Andrew Bakaj, another lawyer representing the whistleblower, sent a letter Saturday to Maguire expressing fears for his client's safety, citing remarks Trump made Wednesday calling the whistleblower "close to a spy" and alluding to the death penalty.
"Unfortunately, we expect this situation to worsen, and to become even more dangerous for our client and any other whistleblowers, as Congress seeks to investigate this matter," Bakaj wrote.
In a separate letter, Bakaj urged the leaders of the congressional intelligence committees to "speak out in favor of whistleblower protection and reiterate that this is a protected system where retaliation is not permitted, whether direct or implied."
Most Republican lawmakers and White House aides, meanwhile, continued to voice support for the president, even as they faced grilling by hosts on Sunday morning news shows over their efforts to discredit the unidentified whistleblower and keep the focus on former vice president Joe Biden and his son Hunter Biden.
Rep. Jim Jordan, R-Ohio, pointed to an initial finding by the intelligence community inspector general stating that while the complaint was credible, the whistleblower had an "arguable political bias."
"He had no firsthand knowledge. . . . And, second, he has a political bias,'' Jordan said on CNN's "State of the Union." "That should tell us something about this guy who came forward with this claim.''
Host Jake Tapper repeatedly pushed back against Jordan's assertions. "There is no evidence of that," he said in response to Jordan's claim of political bias, noting that the language used by the inspector general in describing the whistleblower "could mean that he interned for John McCain 20 years ago. We have no idea what it means."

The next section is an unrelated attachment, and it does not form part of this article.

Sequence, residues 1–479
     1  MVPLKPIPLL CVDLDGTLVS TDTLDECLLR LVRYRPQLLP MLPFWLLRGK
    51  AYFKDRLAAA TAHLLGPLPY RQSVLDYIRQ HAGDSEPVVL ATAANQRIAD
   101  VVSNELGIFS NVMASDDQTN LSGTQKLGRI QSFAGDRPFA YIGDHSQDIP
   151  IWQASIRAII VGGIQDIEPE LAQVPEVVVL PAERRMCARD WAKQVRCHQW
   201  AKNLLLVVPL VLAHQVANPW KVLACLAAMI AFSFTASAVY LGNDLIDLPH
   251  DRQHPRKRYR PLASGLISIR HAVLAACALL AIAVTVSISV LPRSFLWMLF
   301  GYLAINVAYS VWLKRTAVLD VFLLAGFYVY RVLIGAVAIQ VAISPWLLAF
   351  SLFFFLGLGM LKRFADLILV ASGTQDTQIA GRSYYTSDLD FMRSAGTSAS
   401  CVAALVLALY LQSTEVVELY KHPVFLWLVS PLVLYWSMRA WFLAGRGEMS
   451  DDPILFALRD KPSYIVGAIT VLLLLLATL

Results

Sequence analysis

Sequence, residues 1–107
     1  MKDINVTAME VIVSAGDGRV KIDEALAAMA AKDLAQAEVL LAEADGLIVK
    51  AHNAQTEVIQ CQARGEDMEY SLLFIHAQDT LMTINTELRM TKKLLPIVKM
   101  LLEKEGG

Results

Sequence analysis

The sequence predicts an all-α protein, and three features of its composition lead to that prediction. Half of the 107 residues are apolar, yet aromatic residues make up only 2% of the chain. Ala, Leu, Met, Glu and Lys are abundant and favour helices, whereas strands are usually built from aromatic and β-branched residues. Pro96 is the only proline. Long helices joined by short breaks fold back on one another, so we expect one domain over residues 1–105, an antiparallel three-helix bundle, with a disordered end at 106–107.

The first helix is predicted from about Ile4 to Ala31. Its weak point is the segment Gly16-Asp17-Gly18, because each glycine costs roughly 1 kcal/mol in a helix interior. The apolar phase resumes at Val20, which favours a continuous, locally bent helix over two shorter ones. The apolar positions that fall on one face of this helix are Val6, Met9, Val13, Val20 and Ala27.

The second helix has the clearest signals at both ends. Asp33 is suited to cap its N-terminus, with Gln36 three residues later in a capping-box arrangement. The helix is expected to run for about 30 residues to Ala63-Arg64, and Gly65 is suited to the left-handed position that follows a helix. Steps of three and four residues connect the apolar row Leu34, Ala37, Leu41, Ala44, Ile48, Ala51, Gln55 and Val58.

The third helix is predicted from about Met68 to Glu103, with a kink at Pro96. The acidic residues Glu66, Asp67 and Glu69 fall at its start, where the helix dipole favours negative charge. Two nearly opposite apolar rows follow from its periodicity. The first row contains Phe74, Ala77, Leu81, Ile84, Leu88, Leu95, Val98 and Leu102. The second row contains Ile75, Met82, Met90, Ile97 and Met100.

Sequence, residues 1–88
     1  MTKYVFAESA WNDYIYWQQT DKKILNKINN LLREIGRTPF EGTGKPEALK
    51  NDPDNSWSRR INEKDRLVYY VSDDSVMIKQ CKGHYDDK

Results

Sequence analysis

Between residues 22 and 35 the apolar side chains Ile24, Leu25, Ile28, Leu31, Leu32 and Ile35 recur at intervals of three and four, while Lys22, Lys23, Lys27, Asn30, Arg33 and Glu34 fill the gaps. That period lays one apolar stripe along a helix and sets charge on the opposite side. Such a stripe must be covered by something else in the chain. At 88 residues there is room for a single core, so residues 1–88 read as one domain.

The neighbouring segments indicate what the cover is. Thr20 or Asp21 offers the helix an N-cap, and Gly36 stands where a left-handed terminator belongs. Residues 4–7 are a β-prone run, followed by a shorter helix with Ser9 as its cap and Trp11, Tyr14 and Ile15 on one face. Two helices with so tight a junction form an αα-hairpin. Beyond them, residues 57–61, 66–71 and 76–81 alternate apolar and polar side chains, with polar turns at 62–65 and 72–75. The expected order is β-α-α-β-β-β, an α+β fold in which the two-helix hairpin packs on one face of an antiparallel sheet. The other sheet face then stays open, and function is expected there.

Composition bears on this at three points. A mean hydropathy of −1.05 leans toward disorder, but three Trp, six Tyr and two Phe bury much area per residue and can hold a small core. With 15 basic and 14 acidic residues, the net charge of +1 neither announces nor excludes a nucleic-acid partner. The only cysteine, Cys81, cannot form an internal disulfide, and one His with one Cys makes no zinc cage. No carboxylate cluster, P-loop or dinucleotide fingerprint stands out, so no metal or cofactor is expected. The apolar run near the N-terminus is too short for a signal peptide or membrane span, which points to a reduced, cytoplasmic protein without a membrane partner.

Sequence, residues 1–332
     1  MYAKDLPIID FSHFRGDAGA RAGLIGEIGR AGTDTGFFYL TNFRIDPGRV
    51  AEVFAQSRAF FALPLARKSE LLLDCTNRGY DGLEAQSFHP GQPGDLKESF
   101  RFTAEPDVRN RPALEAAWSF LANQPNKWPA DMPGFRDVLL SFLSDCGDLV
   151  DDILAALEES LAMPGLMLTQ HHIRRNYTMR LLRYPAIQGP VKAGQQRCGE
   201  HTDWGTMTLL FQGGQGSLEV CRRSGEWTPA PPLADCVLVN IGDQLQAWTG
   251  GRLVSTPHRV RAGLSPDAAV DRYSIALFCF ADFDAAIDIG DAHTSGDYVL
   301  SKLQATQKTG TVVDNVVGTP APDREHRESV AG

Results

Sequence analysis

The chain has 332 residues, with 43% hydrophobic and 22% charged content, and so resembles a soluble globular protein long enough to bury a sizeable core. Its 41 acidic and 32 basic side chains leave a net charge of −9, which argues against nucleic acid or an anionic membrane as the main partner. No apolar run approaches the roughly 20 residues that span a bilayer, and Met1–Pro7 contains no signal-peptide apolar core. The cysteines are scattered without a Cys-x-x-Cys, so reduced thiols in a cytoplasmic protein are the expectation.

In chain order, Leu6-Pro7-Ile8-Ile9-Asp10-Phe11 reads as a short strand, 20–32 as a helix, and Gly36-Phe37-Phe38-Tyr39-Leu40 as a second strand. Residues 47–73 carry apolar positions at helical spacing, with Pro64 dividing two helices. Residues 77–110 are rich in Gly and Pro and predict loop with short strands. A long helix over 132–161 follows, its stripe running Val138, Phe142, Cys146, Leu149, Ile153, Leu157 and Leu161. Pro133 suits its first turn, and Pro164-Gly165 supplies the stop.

White House senior adviser Stephen Miller went even further in an at-times heated interview on "Fox News Sunday."
Miller dodged several questions from host Chris Wallace about allegations surrounding the president's actions, such as Trump's decision to use not the federal government but rather his personal attorney Rudy Giuliani to obtain information on the Bidens' activities in Ukraine.
He also declined to answer when asked by Wallace to outline how, in his view, the Bidens broke any laws. And he disputed the use of the word "whistleblower" to describe the person who sounded the alarm about Trump's actions, arguing that the complaint was a "partisan hit job" by a "deep-state operative"; Maguire said in congressional testimony last week that he thinks the whistleblower "is operating in good faith and has followed the law."
As both sides sparred, Trump largely stayed out of public view. The president spent the weekend playing golf at his club in Sterling, Virginia, and occasionally attacking Democrats and the news media online. On Sunday morning, he sent more than 20 tweets and retweets slamming Fox News Channel host Ed Henry's performance during a segment with conservative commentator Mark Levin.